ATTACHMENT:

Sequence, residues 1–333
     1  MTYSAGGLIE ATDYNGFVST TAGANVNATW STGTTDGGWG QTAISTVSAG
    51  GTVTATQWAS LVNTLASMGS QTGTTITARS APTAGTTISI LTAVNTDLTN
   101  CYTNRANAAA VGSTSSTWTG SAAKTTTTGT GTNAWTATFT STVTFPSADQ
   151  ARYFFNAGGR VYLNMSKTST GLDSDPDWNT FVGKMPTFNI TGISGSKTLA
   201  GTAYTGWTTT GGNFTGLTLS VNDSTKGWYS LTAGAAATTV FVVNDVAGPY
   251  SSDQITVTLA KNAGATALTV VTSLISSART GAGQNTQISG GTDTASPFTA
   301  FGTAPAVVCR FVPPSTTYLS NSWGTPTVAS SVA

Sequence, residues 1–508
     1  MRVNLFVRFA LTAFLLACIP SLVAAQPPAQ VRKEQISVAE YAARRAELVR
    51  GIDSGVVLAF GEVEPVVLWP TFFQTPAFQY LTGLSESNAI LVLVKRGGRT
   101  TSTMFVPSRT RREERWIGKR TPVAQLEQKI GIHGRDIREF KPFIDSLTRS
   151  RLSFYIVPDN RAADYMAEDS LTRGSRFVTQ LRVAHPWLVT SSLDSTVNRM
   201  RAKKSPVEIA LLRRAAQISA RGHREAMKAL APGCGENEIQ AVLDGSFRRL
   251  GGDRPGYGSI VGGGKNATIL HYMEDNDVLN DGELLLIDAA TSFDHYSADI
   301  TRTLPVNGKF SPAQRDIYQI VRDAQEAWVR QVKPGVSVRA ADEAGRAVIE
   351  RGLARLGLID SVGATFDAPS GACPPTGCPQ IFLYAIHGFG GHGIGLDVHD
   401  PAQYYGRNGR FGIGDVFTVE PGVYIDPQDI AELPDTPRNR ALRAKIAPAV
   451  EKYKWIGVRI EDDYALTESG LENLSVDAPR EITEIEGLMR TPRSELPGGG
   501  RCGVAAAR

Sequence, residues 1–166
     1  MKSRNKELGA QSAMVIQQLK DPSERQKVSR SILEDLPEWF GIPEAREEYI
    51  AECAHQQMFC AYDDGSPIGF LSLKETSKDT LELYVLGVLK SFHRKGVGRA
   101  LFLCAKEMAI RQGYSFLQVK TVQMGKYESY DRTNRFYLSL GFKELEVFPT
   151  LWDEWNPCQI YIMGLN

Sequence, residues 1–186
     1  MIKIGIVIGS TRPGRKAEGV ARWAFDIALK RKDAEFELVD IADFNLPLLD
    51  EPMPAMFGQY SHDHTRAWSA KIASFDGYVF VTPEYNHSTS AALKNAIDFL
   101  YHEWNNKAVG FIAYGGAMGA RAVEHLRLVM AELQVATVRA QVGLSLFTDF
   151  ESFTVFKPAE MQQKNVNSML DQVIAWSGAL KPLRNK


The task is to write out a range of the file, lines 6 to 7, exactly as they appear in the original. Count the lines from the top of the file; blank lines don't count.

   201  GTAYTGWTTT GGNFTGLTLS VNDSTKGWYS LTAGAAATTV FVVNDVAGPY
   251  SSDQITVTLA KNAGATALTV VTSLISSART GAGQNTQISG GTDTASPFTA